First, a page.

Incidental findings are previously undiagnosed medical or psychiatric conditions that are discovered unintentionally and are unrelated to the current medical or psychiatric condition which is being treated or for which tests are being performed. Incidental findings may be uncovered in a variety of settings such as in test subjects during medical research, during the course of an autopsy, or during genetic testing.
The ethical issues around responding to incidental findings are complex.
An incidentaloma is a tumor found by coincidence which is often benign and does not cause any clinically significant symptoms; however a small percentage do turn out to be malignant. Incidentalomas are common, with up to 7% of all patients over 60 harboring a benign growth, often of the adrenal gland, which is detected when diagnostic imaging is used for the analysis of unrelated symptoms.
With the increase of "whole-body CT scanning" as part of health screening programs, the chance of finding incidentalomas is expected to increase. 37% of patients receiving whole-body CT scan may have abnormal findings that need further evaluation.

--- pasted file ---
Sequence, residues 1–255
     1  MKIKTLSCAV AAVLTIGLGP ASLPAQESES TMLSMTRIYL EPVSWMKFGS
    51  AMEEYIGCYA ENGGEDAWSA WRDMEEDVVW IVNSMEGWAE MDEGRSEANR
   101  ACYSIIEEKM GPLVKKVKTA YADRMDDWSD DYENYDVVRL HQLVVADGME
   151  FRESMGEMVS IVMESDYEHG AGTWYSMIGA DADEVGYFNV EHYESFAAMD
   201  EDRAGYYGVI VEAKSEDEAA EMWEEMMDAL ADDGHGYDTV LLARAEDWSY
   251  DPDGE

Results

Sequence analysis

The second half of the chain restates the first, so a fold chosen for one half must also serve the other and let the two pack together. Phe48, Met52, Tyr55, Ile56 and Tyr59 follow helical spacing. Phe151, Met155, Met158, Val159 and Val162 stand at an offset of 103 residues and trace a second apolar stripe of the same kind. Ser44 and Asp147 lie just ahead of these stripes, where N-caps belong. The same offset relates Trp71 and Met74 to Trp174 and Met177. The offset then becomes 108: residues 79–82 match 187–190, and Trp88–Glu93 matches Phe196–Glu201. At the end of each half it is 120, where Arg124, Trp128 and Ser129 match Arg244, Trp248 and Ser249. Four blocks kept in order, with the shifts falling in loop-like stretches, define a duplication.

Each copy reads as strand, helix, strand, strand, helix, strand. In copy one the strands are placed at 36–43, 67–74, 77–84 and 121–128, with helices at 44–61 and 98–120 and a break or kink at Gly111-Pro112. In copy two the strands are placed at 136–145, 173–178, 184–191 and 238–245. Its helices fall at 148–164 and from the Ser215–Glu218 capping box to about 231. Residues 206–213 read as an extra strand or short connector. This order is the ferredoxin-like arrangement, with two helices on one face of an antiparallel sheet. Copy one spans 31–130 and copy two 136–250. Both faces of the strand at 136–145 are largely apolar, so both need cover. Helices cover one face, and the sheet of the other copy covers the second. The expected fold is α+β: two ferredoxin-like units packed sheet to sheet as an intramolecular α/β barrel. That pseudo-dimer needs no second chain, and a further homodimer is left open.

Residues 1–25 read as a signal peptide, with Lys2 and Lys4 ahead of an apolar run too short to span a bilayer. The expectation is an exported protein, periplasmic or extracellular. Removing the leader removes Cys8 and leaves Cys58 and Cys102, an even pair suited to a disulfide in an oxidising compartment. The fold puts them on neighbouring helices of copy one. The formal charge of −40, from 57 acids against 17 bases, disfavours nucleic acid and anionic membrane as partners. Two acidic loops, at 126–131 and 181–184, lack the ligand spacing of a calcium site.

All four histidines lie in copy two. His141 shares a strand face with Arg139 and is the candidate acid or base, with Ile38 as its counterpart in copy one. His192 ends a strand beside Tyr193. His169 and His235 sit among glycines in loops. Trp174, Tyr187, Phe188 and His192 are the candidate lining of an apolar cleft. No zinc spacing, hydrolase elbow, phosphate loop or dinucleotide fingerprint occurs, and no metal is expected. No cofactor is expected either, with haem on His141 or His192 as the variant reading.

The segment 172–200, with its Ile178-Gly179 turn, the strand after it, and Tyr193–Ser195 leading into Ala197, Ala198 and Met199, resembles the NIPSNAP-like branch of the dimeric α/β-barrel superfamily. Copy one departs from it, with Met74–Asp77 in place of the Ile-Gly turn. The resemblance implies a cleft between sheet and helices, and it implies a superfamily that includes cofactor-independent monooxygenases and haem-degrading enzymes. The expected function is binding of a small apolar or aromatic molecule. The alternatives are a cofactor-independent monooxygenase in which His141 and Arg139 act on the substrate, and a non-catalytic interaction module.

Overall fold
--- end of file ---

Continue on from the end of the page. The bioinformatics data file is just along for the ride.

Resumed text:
Incidental findings in neuroimaging are common, with the prevalence of neoplastic incidental brain findings increasing with age.  Even in healthy subjects acting as controls in research incidental findings are not rare.
Pituitary adenomas are tumors that occur in the pituitary gland, and account for about 15% of intracranial neoplasms. They often remain undiagnosed, and are often an incidental finding during autopsy. Microadenomas (<10mm) have an estimated prevalence of 16.7% (14.4% in autopsy studies and 22.5% in radiologic studies).
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